Budget: No money for judge

Published 10:32 am Saturday, March 20, 2010

FRANKLIN—The state budget approved by the General Assembly last weekend does not include funding to fill the vacancy that will be created when Fifth Circuit Chief Judge Westbrook J. Parker retires this summer.

The judgeship is one of many across the state that will be left vacant as part of lawmakers’ efforts to deal with lean state coffers.

Delegate S. Chris Jones, R-Suffolk, said the state budget doesn’t provide funding to replace judges “through the end of this year, nor any retiring judges in the next two years.”

If the funding isn’t restored, the number of vacant judgeships across the commonwealth could swell to more than 30 by the end of the 2012 fiscal year.

“It was something we really didn’t want to do,” but it helped fill the huge budget gap, said Jones, who was a member of the budget conference committee that resolved differences between the House of Delegates and Senate.

The Senate’s budget had included funding for vacant judgeships, but the House’s didn’t. Neither did the final version.

“We had a $4.2 billion hole to fill and it was felt that substitute judges could fill in,” Jones said, adding that leaving the judgeships vacant presented a significant cost savings.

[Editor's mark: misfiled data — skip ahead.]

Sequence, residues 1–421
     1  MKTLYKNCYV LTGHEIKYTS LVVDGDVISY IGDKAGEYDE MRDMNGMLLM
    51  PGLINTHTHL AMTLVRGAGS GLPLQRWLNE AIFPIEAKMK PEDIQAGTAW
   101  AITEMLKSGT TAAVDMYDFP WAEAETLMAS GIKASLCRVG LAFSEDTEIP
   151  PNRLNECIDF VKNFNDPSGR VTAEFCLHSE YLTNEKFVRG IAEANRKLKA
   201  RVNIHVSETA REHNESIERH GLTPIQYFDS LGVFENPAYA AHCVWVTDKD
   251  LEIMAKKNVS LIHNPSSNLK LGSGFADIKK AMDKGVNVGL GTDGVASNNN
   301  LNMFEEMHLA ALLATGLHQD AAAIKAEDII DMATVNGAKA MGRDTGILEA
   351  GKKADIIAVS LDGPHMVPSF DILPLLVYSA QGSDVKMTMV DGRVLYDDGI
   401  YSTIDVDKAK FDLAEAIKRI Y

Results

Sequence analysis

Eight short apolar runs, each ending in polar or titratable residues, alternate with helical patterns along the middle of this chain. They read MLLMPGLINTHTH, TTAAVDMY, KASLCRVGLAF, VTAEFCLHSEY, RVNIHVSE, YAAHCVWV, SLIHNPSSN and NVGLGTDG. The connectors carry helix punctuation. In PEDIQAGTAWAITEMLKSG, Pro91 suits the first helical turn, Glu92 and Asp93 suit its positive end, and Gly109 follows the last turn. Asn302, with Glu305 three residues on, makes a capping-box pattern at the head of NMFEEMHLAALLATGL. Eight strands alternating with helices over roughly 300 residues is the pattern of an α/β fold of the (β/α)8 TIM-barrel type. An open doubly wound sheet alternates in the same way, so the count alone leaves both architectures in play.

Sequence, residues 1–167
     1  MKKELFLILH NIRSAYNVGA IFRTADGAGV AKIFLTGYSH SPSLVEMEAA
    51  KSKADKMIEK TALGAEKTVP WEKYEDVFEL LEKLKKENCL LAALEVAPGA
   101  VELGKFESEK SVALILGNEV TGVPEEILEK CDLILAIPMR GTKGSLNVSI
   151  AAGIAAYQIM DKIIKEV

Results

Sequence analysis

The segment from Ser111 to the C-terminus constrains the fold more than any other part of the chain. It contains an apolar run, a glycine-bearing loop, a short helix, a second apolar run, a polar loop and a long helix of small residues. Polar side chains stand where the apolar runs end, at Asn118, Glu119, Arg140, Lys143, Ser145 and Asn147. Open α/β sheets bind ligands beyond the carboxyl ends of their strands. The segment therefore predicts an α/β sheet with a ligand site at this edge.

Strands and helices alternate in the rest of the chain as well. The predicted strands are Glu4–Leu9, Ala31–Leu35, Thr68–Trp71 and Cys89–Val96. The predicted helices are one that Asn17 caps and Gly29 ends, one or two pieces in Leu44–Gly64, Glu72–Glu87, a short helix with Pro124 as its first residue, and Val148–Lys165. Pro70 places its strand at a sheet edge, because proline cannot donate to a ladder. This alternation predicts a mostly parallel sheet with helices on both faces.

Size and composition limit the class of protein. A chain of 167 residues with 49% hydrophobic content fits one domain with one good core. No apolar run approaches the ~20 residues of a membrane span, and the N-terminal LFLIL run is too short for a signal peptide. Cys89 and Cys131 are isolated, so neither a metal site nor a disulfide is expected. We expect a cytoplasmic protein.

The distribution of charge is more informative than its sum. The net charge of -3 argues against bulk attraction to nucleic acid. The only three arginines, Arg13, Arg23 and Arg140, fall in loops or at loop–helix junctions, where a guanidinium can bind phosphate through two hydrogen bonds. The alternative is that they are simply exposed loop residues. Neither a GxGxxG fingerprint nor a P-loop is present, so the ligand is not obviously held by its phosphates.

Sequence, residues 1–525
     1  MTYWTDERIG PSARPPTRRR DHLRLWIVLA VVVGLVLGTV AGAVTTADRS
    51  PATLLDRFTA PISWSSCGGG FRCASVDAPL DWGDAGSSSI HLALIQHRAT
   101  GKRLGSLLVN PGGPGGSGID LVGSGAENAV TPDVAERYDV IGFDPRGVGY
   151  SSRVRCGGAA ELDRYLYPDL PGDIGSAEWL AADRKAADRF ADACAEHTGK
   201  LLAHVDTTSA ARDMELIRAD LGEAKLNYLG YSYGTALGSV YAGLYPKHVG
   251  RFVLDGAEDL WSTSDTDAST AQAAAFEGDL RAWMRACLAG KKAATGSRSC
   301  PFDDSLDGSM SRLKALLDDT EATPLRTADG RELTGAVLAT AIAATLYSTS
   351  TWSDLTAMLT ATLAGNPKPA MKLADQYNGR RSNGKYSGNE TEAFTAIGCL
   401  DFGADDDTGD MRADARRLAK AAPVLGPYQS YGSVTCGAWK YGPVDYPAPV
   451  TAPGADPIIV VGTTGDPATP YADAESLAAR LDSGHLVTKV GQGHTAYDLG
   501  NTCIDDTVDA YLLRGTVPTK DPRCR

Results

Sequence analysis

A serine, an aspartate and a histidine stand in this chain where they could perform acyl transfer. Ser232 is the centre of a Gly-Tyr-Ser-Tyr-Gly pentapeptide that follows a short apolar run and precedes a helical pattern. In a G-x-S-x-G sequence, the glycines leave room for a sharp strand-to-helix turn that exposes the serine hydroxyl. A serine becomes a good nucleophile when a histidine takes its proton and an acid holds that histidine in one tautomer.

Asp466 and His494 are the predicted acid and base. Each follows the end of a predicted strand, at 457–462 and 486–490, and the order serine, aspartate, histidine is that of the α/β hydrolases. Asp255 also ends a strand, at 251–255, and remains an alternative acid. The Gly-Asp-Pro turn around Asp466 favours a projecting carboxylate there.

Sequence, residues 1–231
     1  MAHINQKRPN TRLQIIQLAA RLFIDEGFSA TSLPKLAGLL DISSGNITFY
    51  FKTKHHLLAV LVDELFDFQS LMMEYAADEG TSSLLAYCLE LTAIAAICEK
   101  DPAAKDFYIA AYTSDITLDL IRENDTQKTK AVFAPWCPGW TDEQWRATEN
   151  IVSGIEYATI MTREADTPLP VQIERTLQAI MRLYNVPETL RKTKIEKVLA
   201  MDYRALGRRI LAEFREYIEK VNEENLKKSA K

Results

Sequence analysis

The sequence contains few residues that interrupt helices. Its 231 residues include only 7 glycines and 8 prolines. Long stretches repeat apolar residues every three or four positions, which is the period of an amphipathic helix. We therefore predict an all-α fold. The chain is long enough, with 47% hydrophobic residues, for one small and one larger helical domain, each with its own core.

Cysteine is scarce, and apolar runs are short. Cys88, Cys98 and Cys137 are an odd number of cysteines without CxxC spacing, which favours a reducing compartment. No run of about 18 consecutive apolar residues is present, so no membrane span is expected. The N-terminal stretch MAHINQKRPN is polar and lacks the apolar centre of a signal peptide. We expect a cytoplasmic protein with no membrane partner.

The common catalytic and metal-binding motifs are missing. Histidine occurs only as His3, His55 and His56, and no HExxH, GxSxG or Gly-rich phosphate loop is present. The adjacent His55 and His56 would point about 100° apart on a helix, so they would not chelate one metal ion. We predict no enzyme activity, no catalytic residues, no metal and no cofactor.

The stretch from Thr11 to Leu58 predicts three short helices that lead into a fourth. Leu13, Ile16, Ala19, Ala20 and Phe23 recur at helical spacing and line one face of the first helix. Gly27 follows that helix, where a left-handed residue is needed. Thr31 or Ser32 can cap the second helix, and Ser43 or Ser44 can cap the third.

Delegate Bill Barlow, D-Smithfield, said he is opposed to leaving Parker’s seat vacant. The move will leave the Fifth Judicial Circuit with only two judges.

“That’s a one-third cut,” he said. “I’m very concerned that it’s going to be very harmful to our citizens to be lacking a judge.”

The Fifth Judicial Circuit covers Isle of Wight and Southampton counties as well as the cities of Franklin and Suffolk.

Both Jones and Sen. L. Louise Lucas, D-Portsmouth, said there were a number of other things competing for the state’s limited funds.

“When it came down to funding education and funding new judgeships, then it became obvious to many of us that we have to make sure that our kids get an education,” Lucas said. “I know we need to fill these judgeships, but I’ve got to tell you, we need to do more to educate students and keep them out of jails and prisons.”

Jones said the conferees were trying to do as little harm as possible to health care and K-12 education. He added that if the economy improves significantly by next year’s session, the budget could be adjusted and vacancies could be addressed.

“I would certainly think that we would revisit the issue,” he said.